On May 20, 2010, approximately 4 years after we issued our opinion in Moses I, Moses filed a second motion to withdraw pleas. He primarily argued that counsel D'Arcy was ineffective in arguing Moses' first motion to withdraw pleas. He also alleged he told his trial attorney, Duma, that he wanted to go to trial and that his pleas were not voluntarily made. Based primarily on Moses I, the district court summarily denied Moses' second motion to withdraw pleas. Moses timely appealed, invoking our jurisdiction under K.S.A. 22-3601(b).
Generally, we review for abuse of discretion a district court decision to deny a post-sentence motion to withdraw plea under K.S.A. 2012 Supp. 22-3210(d)(2). State v. Bricker, 292 Kan. 239, 244, 252 P.3d 118 (2011). But Moses' motion was summarily denied without argument and additional evidence. So we apply the same procedures and accompanying standards of review used in cases involving K.S.A. 60-1507. See State v. Jackson, 255 Kan. 455, 459, 874 P.2d 1138 (1994) ("The K.S.A. 60-1507 procedure governing hearings should apply to motions to withdraw guilty plea filed after imposition of sentence."). And we exercise de novo review because we "have the same access to the motion, records, and files as the district court." State v. Neal, 292 Kan. 625, 629, 258 P.3d 365 (2011). Like the district court, we must determine whether Moses' "motion, records, and files conclusively show that he is entitled to no relief." See Neal, 292 Kan. at 629.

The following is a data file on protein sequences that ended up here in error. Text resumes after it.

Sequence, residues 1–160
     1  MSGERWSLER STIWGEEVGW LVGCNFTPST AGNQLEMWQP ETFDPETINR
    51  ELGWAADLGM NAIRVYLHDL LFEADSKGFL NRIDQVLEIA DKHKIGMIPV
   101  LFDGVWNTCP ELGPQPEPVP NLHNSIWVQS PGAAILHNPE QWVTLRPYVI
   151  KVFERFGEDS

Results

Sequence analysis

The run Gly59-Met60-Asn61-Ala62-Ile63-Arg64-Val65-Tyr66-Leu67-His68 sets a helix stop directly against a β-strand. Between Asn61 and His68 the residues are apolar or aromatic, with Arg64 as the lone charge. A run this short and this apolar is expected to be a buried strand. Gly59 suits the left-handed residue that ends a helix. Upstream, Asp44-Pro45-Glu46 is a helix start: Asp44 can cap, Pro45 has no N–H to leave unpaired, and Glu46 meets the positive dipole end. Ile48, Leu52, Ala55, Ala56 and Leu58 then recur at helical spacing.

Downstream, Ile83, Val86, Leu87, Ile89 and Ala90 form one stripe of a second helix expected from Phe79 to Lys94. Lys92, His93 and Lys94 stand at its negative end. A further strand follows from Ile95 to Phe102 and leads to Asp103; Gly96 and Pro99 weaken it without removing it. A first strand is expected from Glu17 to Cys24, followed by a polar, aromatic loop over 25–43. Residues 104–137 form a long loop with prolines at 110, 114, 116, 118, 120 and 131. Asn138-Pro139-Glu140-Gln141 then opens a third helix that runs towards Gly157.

In Moses' brief he argues that his counsel D'Arcy was ineffective when D'Arcy argued Moses' first motion to withdraw pleas. But we do not address the merits of his argument because his second motion to withdraw pleas was untimely filed and is procedurally barred.
Moses filed his second motion to withdraw pleas on May 20, 2010. On April 16, 2009, the legislature amended K.S.A. 22-3210 to require that a motion to withdraw plea be brought within 1 year of alternate occurrences:
"(A) The final order of the last appellate court in this state to exercise jurisdiction on a direct appeal or the termination of such appellate jurisdiction; or (B) the denial of a petition for a writ of certiorari to the United States [S]supreme [C]court or issuance of such court's final order following the granting of such petition." K.S.A. 2012 Supp. 22-3210(e)(1).
We have previously determined that the time began to run for pre-existing claims on the date the statute became effective: April 16, 2009. State v. Szczygiel, 294 Kan. 642, 644, 279 P.3d 700 (2012). So Moses had until April 16, 2010, to file his motion to withdraw pleas. But he filed outside that time frame. We acknowledge the district court may extend the time limitation "upon an additional, affirmative showing of excusable neglect by the defendant." See K.S.A. 2009 Supp. 22-3210(e)(2). But Moses does not attempt to make an affirmative showing of his excusable neglect. His motion to withdraw pleas is therefore untimely and procedurally barred.